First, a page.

- Paperback: 448 pages
- Publisher: Lonely Planet Publications; 8th edition (January 9, 2002)
- Language: English
- ISBN-10: 1740591909
- ISBN-13: 978-1740591904
- Product Dimensions: 7.3 x 5.1 x 0.7 inches
- Shipping Weight: 12.6 ounces (View shipping rates and policies)
- Average Customer Review: 11 customer reviews
- Amazon Best Sellers Rank: #6,777,535 in Books (See Top 100 in Books)
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Myanmar (Burma) (Lonely Planet) Paperback – January 9, 2002
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The History, Snapshot, and similar sections are great, but if you have a brain of your own - use it. Forget their restaurant and hotel recommendations, as I'm not even sure they visit the places. Sometimes they have history or comments on places that is worthwhile to read, though. All tourbooks may have these drawbacks, to be fair.
Finally, I think I'm going to stop buying Lonely Planet's, though. First, they always act like driving is so scary everywhere, when it's actually quite easy to anyone with a brain. They also forget to give worthwhile tips on getting a car, etc. I imagine that this is their way of "saving the Earth". To a person who does care about the Earth, but doesn't believe that being a dirty hippie is going to save anything, this - and all their other BS trying to coerce their opinions onto you as fact - gets really freakin' old. Yes, yes, I know, LP is founded by some hippie freak from AUS or something - whooptie doo. That doesn't mean I have to pay some jerk who's going to push his politics on me, whether I agree with them or not.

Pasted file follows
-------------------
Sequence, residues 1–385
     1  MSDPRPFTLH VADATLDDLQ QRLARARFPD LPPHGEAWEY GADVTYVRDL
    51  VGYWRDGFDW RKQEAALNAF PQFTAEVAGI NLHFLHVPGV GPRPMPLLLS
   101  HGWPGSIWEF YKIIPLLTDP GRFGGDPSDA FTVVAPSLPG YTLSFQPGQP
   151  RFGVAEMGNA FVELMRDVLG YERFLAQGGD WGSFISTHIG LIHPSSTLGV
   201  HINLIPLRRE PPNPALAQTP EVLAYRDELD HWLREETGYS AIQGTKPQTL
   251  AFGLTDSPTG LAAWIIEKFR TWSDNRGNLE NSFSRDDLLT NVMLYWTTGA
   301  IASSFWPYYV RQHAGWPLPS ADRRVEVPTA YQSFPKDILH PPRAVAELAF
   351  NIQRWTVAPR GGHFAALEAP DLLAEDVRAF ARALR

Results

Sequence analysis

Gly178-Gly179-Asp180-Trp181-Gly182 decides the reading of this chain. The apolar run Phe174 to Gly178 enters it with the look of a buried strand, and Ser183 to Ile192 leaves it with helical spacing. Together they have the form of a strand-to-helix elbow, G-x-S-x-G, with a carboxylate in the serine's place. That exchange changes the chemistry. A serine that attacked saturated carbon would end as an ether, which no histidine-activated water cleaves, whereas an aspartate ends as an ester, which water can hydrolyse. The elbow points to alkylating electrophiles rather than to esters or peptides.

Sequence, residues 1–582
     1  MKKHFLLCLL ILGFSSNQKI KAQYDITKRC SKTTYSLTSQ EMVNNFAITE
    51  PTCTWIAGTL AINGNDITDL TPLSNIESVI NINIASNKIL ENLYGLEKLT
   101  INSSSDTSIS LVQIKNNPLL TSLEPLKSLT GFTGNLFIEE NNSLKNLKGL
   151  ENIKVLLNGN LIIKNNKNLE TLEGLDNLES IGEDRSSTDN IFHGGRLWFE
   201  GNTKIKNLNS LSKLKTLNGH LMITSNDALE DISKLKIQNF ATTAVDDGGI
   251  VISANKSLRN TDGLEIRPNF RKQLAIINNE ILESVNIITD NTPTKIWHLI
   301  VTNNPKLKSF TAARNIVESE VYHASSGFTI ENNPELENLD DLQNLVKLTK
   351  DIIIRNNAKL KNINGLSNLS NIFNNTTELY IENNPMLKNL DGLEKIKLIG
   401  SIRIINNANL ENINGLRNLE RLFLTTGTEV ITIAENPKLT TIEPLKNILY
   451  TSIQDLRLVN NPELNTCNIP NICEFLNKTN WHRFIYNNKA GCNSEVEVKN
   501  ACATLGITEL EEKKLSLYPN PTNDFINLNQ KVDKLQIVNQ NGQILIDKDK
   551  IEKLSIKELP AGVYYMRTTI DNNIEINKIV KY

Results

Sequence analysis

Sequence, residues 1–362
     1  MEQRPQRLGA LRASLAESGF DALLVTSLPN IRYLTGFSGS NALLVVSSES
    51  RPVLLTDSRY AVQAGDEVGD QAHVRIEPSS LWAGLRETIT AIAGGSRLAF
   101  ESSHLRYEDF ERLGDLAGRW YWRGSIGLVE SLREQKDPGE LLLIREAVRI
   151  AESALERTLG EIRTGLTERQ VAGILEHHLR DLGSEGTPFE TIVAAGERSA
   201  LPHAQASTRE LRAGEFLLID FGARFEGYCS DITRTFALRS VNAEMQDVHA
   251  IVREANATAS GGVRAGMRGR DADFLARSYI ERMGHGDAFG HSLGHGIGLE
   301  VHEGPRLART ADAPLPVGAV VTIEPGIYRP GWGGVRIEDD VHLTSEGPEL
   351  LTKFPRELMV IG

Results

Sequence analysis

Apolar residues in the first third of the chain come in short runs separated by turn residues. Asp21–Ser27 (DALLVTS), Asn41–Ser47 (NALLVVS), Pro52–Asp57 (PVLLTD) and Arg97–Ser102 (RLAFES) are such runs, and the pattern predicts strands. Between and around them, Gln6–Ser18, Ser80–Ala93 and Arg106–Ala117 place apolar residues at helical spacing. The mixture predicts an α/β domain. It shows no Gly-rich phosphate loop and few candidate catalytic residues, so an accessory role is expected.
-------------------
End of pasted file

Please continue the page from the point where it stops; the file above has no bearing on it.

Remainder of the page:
Lonely Planet Myanmar's real strength is its discussions of Burmese culture past and present, within the context of a travel guide. Thus, while having great beach time at Sittwe, I could track down the birthplace of Saki (the writer, not the wine), and muse that British merchant ships were just beginning to come into its harbor around the time their influence in Boston was beginning to wane. I tried but failed to get into one of Burma's nature preserves to see one of the world's remaining free tigers. Not that they want my advice, but it seems to me that the military government could burnish their reputation and bring in tons of foreign currency at the same time by arranging tours of the domains of these vanishing cats. By doing so, it seems to me they could far outstrip places like Costa Rica, which are raking in billions of eco-tourism dollars even without the benefit of so-called "charismatic megafauna". Say what you will about the tiger, but if there's one thing it's got over the rest of us faunae, it's charisma.
In the course of my travels I met a guide by the name of Aree. She was from the vicinity of Mandalay, and specialized in the ancient capitals of the north. I didn't know any way of verifying her claim to be descended from one of the last royal families of Burma, but she certainly looked every inch the princess, in spite of the Kia she drove. And I can thank this Lonely Planet guide for the privilege of her company, since without the warnings on pages 54 and 106 against public displays of affection, I would undoubtedly have alienated her and had to traipse through the ruins by myself. As it was, I learned an immense amount from her about Burma and its history, all delivered in intermediate English with the Southeast Asian accent that is so charming. I recall in particular her spiel on the ailing Kia, which needed "a blake job and a toom up and a hando for door... all these things vely expenshiv". I can only hope my halting Burmese sounds half so winsome.